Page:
HIGH HOPES: Minister Boyle is escorted on a tour of the new facilities by Commercial Services general manager Col Dziewicki. ds-090211-003
CENTRAL Highlands Regional Council revealed a case of terminal optimism in the economic outlook of the region with the official opening of its $7.7 million expansion of the Emerald airport.
Set to soar to new heights this year with a passenger record of 170,000 expected, the facility was a courageous and sound business investment, said State Local Government Minister Desley Boyle.
“The Central Highlands region is growing steadily and traffic through Emerald airport is expected to increase in line with that growth,” Ms Boyle said.
“The work includes a conveyor baggage system for drop-off and pick-up, a new check-in area, office space including a pilot lounge, upgrades to the amenities as well as additional security including passenger metal detection facilities.
“These are all the facilities that a modern airport requires and certainly it will be a major boon for business travellers involved in the resource and citrus sectors.”
Councillor Kerry Hayes praised the efforts of airport staff in keeping it operational during the flood.
“I would be fair to say it’s been a very, very tough time in this region recently, and I think it was very proper keeping this airport open as a vital piece of infrastructure,” said Cr Hayes.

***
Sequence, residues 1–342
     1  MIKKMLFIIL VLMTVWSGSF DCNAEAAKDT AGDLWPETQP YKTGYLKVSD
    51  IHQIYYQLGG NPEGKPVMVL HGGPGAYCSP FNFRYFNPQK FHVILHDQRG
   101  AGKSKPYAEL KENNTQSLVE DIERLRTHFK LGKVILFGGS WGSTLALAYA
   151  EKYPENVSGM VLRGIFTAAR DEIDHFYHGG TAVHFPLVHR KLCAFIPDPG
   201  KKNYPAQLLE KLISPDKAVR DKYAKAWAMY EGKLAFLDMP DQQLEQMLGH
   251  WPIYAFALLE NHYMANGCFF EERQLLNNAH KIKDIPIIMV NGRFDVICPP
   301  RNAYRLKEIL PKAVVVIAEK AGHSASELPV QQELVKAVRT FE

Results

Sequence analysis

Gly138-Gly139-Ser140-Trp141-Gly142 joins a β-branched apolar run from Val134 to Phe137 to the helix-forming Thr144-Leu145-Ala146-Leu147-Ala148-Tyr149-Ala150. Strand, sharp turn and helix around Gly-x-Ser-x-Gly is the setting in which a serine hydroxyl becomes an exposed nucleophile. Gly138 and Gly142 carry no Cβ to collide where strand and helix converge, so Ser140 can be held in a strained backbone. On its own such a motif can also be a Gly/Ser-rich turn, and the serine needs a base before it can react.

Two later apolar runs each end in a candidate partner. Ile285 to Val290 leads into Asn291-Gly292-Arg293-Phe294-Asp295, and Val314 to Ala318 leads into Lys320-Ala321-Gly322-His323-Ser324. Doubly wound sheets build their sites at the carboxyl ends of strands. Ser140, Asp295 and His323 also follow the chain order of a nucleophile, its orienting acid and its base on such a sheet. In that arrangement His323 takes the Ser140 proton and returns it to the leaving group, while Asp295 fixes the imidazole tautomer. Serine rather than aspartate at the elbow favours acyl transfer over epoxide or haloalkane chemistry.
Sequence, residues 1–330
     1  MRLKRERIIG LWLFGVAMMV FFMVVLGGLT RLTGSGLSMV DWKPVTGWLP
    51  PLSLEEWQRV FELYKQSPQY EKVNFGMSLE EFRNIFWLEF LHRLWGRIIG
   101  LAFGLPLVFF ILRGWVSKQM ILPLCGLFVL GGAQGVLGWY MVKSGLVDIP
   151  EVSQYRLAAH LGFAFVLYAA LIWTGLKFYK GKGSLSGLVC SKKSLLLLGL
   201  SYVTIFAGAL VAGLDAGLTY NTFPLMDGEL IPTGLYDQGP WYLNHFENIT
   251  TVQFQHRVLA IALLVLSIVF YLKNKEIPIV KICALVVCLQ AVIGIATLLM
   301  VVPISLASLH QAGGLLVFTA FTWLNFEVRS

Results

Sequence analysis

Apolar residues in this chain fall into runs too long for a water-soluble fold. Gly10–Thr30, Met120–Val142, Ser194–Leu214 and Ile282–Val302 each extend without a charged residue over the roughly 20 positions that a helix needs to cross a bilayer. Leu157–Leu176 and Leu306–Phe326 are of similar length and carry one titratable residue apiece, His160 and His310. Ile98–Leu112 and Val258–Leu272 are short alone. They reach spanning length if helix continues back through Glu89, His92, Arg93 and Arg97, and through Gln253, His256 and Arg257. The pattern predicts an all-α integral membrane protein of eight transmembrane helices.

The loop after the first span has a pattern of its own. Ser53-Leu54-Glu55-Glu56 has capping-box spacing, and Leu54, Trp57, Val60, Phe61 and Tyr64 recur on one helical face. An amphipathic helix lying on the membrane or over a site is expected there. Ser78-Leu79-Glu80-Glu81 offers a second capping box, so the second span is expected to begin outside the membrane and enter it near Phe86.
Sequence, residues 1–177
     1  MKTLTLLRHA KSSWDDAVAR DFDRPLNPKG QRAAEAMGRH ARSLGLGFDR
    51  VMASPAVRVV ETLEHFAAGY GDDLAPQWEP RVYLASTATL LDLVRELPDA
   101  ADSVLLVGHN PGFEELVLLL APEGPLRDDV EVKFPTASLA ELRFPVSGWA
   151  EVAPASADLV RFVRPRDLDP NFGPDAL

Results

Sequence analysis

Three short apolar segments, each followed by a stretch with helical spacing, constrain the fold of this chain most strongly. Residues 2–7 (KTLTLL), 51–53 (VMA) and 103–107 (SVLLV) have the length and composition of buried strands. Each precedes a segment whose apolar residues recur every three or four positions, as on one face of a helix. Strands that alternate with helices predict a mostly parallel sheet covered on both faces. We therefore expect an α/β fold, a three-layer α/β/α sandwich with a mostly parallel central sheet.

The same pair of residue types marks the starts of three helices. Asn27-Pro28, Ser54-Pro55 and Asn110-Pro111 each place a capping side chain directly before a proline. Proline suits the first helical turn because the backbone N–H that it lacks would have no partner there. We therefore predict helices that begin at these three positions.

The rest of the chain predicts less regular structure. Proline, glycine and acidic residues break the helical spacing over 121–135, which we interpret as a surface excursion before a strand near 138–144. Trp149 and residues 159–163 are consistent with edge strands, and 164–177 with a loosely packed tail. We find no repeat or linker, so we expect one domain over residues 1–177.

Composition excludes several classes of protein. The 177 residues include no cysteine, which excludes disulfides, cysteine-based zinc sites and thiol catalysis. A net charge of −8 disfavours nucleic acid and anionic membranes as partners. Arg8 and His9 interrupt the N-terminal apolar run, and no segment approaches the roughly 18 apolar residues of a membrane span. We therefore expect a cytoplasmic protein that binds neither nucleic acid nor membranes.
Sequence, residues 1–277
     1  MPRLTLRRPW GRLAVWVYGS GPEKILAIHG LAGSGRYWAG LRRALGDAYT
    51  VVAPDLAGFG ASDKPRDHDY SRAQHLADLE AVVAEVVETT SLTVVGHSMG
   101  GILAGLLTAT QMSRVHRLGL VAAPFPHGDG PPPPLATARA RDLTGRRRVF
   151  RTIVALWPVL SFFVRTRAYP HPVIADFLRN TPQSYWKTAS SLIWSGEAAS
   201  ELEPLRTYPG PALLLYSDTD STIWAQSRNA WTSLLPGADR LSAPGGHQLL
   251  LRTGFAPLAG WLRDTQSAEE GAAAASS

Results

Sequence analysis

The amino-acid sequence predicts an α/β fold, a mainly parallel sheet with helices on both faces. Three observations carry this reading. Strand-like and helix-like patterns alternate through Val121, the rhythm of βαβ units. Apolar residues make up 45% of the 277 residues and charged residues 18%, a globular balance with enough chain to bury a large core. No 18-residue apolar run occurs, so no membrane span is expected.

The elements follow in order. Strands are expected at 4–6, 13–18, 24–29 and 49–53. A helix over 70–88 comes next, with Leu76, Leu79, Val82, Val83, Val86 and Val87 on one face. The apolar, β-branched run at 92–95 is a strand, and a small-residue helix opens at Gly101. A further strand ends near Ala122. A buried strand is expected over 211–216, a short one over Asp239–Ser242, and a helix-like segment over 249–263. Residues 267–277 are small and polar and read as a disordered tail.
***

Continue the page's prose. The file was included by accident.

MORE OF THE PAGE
“(It) was obviously an invaluable asset to this community at a time when all over Queensland, it was very difficult to get access to areas that had been affected by flooding and other local disasters.
“This wonderful facility here made sure this community at least had some level of resilience that made it more than a great comfort.”
With talks already underway to attract a second major carrier to Emerald, Mayor Peter Maguire said a potential change in federal safety compliance laws could necessitate another $6-7 million spent widening the runway from 30 metres to 45 metres to enable jet landings.
Council is considering committing another $4 million to the upgrading of Pilot Farm Rd and construction of a new entrance to the airport.
“All these things add up and guess who pays? The users of this facility and the ratepayers of the region,” Cr Maguire said. “... but this is about enhancing the economic potential of not just Emerald, but the whole region, outside the Central Highlands as well.
“This (airport) is a business for our council that has a return on investment.
“We’ve got a lot of other things to do like the town hall, libraries and pools to supply the community, but the importance of this facility cannot be underestimated.”
Cr Maguire, whose family has been involved in a local travel agency for many years, reminisced about his first visits to Emerald airport in the late 70s, and the changes in the aviation industry.
He made clear his views on current airport security.
“I go back to 1977 when I first came out here driving my moke on the weekends… and I ran the strip first to get rid of the kangaroos,” he said.
“Things have since changed and not a lot for the better I’ve got to tell you… now everyone wants to strip-search you, you can’t wear steel-capped boots, carry a nail file, yet I can walk up and check in and I could be anyone getting on the plane.
“No one checks who I am.
“The security thing to me… anyone could be travelling on anyone’s ticket and that’s the biggest problem in my view.”
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